Education

Study: Latino Teens Benefit From Sharing Two Cultures With Parents

By Mary Ann Zehr — June 25, 2009 2 min read

Latino adolescents are happier and healthier if both they and their parents have one foot firmly planted in Latino culture and the other in U.S. culture, a study by researchers at the University of North Carolina at Chapel Hill has found. In other words, Latino adolescents are less likely to engage in risky behaviors, such as abusing alcohol or drugs or dropping out of school, if they take steps to stay involved in their culture of heritage and their parents also take steps at the same time to integrate into U.S. culture.

One example of how policymakers can support biculturalism, the study suggests, is by backing two-way immersion programs in schools (also called dual-immersion programs), in which students who are dominant in English and students who are dominant in Spanish learn both languages in the same classroom. The researchers write: “Based on our findings, it would be useful to evaluate whether dual-immersion programs connecting youth to culture of origin language and traditions would benefit the mental health, self-esteem, and aggressive behavior of U.S.-born Latino adolescents.”

The longitudinal study of 281 Latino adolescents and one of their parents is described in a special issue of The Journal of Primary Prevention that focuses on the connections between cultural adaptation and Latino youth behavior (only abstracts are available to non-subscribers). Fifty-eight percent of the youths studied, all of whom now live in either Arizona or North Carolina, were from Mexico, 21 percent were born in the United States, and the rest were natives of Central American or South American countries.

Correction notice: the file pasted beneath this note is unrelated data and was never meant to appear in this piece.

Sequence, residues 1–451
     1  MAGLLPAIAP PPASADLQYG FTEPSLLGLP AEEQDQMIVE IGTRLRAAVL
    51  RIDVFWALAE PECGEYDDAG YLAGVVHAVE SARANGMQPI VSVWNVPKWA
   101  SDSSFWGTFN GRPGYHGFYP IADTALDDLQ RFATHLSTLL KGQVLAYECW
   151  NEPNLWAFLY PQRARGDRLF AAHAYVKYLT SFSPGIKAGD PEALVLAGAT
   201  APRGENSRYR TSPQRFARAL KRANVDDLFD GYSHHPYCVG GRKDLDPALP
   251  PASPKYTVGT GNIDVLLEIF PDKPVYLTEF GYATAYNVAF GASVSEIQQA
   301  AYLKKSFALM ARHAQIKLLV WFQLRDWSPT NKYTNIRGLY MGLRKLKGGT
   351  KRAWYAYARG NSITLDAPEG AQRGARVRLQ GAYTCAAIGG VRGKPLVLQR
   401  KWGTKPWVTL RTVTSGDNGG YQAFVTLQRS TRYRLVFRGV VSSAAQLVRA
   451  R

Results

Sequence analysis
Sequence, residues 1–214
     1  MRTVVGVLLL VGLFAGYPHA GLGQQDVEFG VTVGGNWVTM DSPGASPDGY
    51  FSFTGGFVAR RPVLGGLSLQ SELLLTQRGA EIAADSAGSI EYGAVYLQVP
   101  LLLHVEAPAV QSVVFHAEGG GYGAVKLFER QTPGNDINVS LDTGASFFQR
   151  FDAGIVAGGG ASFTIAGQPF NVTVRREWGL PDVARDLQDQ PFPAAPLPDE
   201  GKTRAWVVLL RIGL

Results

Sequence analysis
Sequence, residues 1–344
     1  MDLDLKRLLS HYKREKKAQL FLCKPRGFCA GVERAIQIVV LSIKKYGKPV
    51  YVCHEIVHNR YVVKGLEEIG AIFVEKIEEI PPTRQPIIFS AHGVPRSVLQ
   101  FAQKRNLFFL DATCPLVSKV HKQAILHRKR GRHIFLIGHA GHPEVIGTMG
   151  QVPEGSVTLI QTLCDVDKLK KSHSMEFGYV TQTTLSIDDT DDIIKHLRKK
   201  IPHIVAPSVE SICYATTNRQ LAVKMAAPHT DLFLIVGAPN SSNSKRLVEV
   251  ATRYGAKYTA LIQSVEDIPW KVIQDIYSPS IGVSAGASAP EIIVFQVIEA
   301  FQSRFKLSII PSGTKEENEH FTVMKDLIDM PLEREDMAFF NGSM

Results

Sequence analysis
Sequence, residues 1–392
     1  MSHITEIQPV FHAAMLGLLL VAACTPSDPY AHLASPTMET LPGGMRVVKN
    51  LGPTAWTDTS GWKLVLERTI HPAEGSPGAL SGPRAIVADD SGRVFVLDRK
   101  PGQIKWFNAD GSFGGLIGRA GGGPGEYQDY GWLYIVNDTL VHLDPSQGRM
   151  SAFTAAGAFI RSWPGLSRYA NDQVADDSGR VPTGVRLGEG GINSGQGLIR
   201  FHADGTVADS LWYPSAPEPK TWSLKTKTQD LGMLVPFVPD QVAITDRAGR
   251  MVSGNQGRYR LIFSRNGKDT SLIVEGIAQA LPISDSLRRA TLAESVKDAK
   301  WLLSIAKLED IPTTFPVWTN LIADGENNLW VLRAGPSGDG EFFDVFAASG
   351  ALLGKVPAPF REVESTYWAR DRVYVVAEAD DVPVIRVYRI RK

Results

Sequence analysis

The researchers found a link between the extent of parents’ involvement in U.S. culture and a decrease in social problems, aggression, and anxiety among their teenagers. Also, adolescents’ involvement in Latino culture had a positive correlation with the level of their self-esteem. If they were involved in their culture of heritage, teenagers were less likely to have feelings of hopelessness, social problems, and aggression.

One more thing: School bonding increased with time in the United States for Latino teenagers who had been born in other countries, but the same was not true for Latino youths born in the United States.

I’ve seen studies before that show it’s good for immigrant youths’ mental and physical well-being to maintain strong ties to their native culture. (See “Scholars Mull the Paradox of Immigrants” from EdWeek.) But this is the first study I’ve seen that also shows the importance of parents taking steps to adapt to the new culture.

A version of this news article first appeared in the Learning the Language blog.